Runners and their families milling about foggy Canal Park almost got a big thrill this afternoon. The BBC Orinoco nearly side-swiped the South Pier Lighthouse.
I had the best angle, and I was sure this boat was going to hit. More photos in my blog.
For the price of a few gallons of gas, you can have a full, free day at Split Rock Lighthouse. It’s the annual open house for Minnesota State Parks, so park admission is free. So is admission to the Minnesota Historical Society Split Rock Lighthouse site.
Did I make up word, “agoraphile”? It’s the opposite of an agoraphobe (someone afraid of crowds). The park and especially the Lighthouse will be crowded!
By the way, gas is often 3-4 cents cheaper per gallon in Two Harbors. Something about Hugo Chavez…
Let’s say you’re a wildflower and you happen to like cool, moist, acidic woods. Suppose you’d find a place to live around Duluth? That’s what happened for Cornus canadensis, the bunchberry or Canada dogwood.
For four great random facts about the bunchberry, read more at my blog.
Okay, it’s another foggy day in Duluth. While you plumb the depths of your commitment to this fine town, while you wonder if the weather here is worth the sacrifice you’ve made in career advancement, take heart from the example of the lowly Mertensia paniculata, a flower for which every foggy day is a perfect day.
And if you’re the type that longs for western landscapes, for the slopes of the Cascades or the northern Rockies, this same flower gives you a psychic link to those lovely places. Like you, it lives here in Duluth, but it’s got serious western roots.
Who amongst us does not enjoy sitting around on a Sunday morning, reading the New York Times and leisurely paging through the Book Review section?
In case you haven’t picked up your copy of the Times at Mount Royal yet, here’s a book review you can read to keep your morning on track. It’s of Safe from the Sea, by Peter Geye, which just won the North East Minnesota Book Award.
SPOILER ALERT: The “Freighter” bar is actually the Anchor. And the topless bar “Tallahassee” is actually the Saratoga. Oh, and the old man dies.
The woods of Duluth are starting to fill in with flowers, like bloodroot (above). Warm spring sun is finally reaching the forest floor, and the wildflowers are responding in kind, sending their leaves and flowers up for a brief but raucous period of color, pollination and photosynthesis.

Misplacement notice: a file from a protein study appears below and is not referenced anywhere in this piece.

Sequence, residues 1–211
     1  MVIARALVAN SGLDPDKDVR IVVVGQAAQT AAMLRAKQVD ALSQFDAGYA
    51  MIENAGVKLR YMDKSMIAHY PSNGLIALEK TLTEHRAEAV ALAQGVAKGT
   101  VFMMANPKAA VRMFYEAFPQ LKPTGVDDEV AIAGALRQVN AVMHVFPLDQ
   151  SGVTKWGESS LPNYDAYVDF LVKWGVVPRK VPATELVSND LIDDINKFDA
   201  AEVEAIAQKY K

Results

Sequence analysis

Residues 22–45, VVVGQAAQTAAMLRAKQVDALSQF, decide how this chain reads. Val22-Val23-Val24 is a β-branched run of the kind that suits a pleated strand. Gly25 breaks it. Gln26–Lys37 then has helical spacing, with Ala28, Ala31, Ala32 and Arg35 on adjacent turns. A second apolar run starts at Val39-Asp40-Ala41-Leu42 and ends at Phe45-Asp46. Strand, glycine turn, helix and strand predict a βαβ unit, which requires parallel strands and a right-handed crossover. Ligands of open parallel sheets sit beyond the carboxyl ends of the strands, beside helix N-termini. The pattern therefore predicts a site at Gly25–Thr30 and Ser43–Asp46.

I had a great flower walk on Sunday off of Skyline Drive on the Superior Hiking Trail by Bardon Peak. Photos and directions are on my blog.
Then this morning I thought I’d find another field of flowers in the woods of UMD’s Bagley Nature Area. It’s a sugar maple forest just like Bardon Peak. But there were virtually no wildflowers, just one lone wood anemone. What’s up with that?
More places around Duluth you could look for spring wildflowers:
- Superior Hiking Trail between Keene Creek and Haines Road.
- Jay Cooke State Park
- Hartley Nature Center ski trails
Any other suggestions, all you nature geeks out there?
If you think that Canal Park belongs to Duluthians and not just to the tourists, you have one more day to freely utilize that right. Emphasis on the free. Paid parking goes in effect this Sunday, at least at the meters and presumably at the paid lots as well.
Stroll the piers. Gawk at a 1000-footer. Deconstruct the meaning in public art. It’s your birthright, Duluth.
For today, you don’t have to worry about the gatekeepers at the hotel parking lots and their clipboards.
You don’t yet have to worry about the eager tow companies in the private lots, who will boot, tow, or just flop upon every car whose driver heads to Coldstone before hitting Caribou Coffee.
Toss some rocks at the beach at the corner of the lake. Enjoy your city. Without a roll of quarters in your pocket.
Not sure why I’m thinking this way, but if you’d like to impress your sweetie with your knowledge of Duluth’s cool places, plus get some exercise and check out spring, you can’t go wrong with a nice long walk on the Western Waterfront Trail. The St. Louis River is full of migrating birds, the trail is wide enough and dry enough for hand-holding, and it is so much more “perfect Duluth” than the tourist-lined Lakewalk.
Read more details, including directions to the seldom-used but way better eastern trailhead.